You’ll be seeing a lot of picture books on my blog throughout the month of November as we celebrate Picture Book Month. You’ll definitely want to check out the website as picture book authors and illustrators will be posting an essay each day about the importance of picture books! Check back daily for some great pictures surrounding a specific theme!
- School’s First Day of School by Adam Rex
- The Bus for Us by Suzanne Bloom
- A Fine, Fine School by Sharon Creech
- In a Cloud of Dust by Alma Fullerton
- David Goes to School by David Shannon
- Miss Nelson Is Missing by Harry Allard
- Wemberly Worried by Kevin Henkes
- Follow the Line to School by Laura Ljungkvist
- The Teacher From the Black Lagoon by Mike Thaler
- Rain School by James Rumford
So for my back to school Top Ten list, I went with not-so-typical back to school books – mainly focusing more on being yourself, gaining self-confidence and not making snap decisions about how people look; rather than your typical first day of school nerves. So, without further ado…
- Chrysanthemum by Kevin Henkes
- A Bad Case of Stripes by David Shannon
- Each Kindness by Jacqueline Woodson
- One by Kathryn Otoshi
- Spoon by Amy Krouse Rosenthal
- The Dot by Peter H. Reynolds
- You’re Finally Here! by Melanie Watt
- The Invisible Boy by Trudy Ludwig
- The Name Jar by Yangsook Choi
- My Teacher is A Monster! No, I Am Not. by Peter Brown
Top Ten Tuesday is an original feature/weekly meme created by The Broke and the Bookish
My kids in the library are still clamoring over Diary of a Wimpy Kid, especially now that a new book is coming out on November 3rd. So without further ado, here’s my Top Ten Readalikes for the Diary of a Wimpy Kid series.
- Big Nate series by Lincoln Peirce
- Dork Diaries by Rachel Renee Russell
- Amelia’s Notebook by Marissa Moss
- Charlie Joe Jackson’s Guide to Not Reading by Tom Greenwald
- The Odd Squad by Michael Fry
- The Creature from My Closet series by Obert Skye
- Frankie Pickle series by Eric Wight
- How to Grow Up and Rule the World (Vordak the Incomprehensible) by Scott Seegert
- Frindle by Andrew Clements
- Ellie McDoodle Diaries series by Ruth McNally Barshaw
Last night, I took my cart of materials and set up a table at the middle school with the school librarian for Open House. We have four elementary school, a middle school and high school and a K-8 Catholic school in our service area and are always looking for ways to partner with the schools. We especially thought it was important to stop by the middle school this year as there is a new superintendent for the school district as well as a new principal and vice principal at the middle school. We wanted to show the administration that we value our partnership and are there to help.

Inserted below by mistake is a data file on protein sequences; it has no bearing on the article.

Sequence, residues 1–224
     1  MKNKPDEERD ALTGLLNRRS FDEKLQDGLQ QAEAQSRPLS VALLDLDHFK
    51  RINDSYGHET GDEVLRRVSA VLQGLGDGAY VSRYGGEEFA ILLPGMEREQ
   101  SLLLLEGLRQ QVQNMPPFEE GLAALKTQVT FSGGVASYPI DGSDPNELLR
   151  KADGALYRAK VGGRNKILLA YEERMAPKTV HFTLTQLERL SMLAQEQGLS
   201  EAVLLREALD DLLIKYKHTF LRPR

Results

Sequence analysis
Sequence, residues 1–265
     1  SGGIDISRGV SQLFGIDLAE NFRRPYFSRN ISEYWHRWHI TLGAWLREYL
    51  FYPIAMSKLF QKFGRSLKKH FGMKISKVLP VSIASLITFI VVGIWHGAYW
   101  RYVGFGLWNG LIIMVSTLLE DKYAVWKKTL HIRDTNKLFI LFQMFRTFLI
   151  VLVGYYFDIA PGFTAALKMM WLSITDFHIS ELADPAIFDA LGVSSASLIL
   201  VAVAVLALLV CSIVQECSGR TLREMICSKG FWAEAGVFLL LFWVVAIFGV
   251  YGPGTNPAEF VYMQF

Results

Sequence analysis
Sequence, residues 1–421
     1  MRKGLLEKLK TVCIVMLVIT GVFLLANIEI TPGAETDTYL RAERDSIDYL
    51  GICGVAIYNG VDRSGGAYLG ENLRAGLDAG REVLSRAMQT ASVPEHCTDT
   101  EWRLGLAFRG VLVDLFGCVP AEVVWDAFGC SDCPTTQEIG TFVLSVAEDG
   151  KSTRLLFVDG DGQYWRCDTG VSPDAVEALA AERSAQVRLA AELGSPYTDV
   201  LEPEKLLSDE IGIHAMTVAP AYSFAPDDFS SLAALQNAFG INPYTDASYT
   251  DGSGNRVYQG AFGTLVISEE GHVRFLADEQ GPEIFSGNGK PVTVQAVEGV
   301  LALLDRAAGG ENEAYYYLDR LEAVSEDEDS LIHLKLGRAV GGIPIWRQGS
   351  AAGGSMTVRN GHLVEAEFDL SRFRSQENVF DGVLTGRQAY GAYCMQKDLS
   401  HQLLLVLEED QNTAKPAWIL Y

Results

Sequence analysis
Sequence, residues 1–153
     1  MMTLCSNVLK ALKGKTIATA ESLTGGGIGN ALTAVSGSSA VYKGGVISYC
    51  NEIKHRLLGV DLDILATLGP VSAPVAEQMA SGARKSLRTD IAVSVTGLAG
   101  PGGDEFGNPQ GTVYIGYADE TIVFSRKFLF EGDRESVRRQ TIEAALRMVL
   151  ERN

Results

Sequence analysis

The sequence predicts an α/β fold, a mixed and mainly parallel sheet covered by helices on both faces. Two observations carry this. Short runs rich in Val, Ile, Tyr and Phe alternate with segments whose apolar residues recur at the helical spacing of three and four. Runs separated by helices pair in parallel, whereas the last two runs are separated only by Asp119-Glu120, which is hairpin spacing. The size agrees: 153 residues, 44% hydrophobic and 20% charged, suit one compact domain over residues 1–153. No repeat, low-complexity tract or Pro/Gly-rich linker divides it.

Overall, the evening was fairly well attended, but because there is so much the parents need to do that evening – meet with teachers, set up online accounts to view grades, buy gym uniforms, etc. We rarely had people stop at our table, except to ask for directions or for other information. We started joking with parents that as librarians it’s our job to provide them with a well-researched and correct answer. And we could usually do that! I figure a positive interaction is better than no interaction!
Most of the people who stopped at our table (who didn’t need directions) were families who I see on a regular basis in the library, stopping to say hello – which is great, but my main goal for being there is to get to those families who aren’t familiar with our resources. The middle school students do receive iPads for class instruction and homework and the librarians encourage all the students to get their library cards to partake in OverDrive to read e-books. This has definitely helped and having September be library card sign-up month as well is a nice draw.
But even last night I had a dad ask how much it cost for a library card! This breaks my heart, it means we have people in our community who don’t know how awesome our library is, how many amazing programs we offer for all ages, and how many resources they can use for recreation and education. I believe this issue is two-fold. On the one hand, we clearly need to be creating more marketing toward people in our community who are not familiar with our library, which means finding where these people live, work and play and reach out to them in these places. On the other hand, we have a number of community members who move here from other countries where a public library is not the same thing as it is here. So again, we need to educate people on what a public library is and what it can do for them. We’ve got a lot of work to do!
I’m two weeks behind in my reading, but since I didn’t get to much this week. This should work. Over the past two weeks I finished Shadowshaper, which I absolutely loved. I also got my hands on a copy of Sunny Side Up and was blown away by the Holm’s take on substance abuse and how relatable the book was to older elementary students. I bawled after Orbiting Jupiter and have the perfect patron to give it too (she loves sad books!) and also really enjoyed The Vigilante Poets of Selwyn Academy. I’m in the middle of Scrap City right now and just started Terrible Typhoid Mary: The Most Harmless and Yet Most Dangerous Woman in America, A True Story of the Deadliest Cook in America by Susan Campbell Bartoletti.
Over the next week, I also hope to read:
- Appleblossom the Possum by Holly Goldberg Sloan
- Goodbye Stranger by Rebecca Stead
- Serafina and the Black Cloak by Robert Beatty
- Throne of Glass by Sarah Maas
Join Jen from Teach Mentor Texts and Kellee and Ricki from Unleashing Readers and share all of the reading you have done over the week from picture books to young adult novels. Follow the links to read about all of the amazing books the #IMWAYR community has read. It’s the best way to discover what to read next.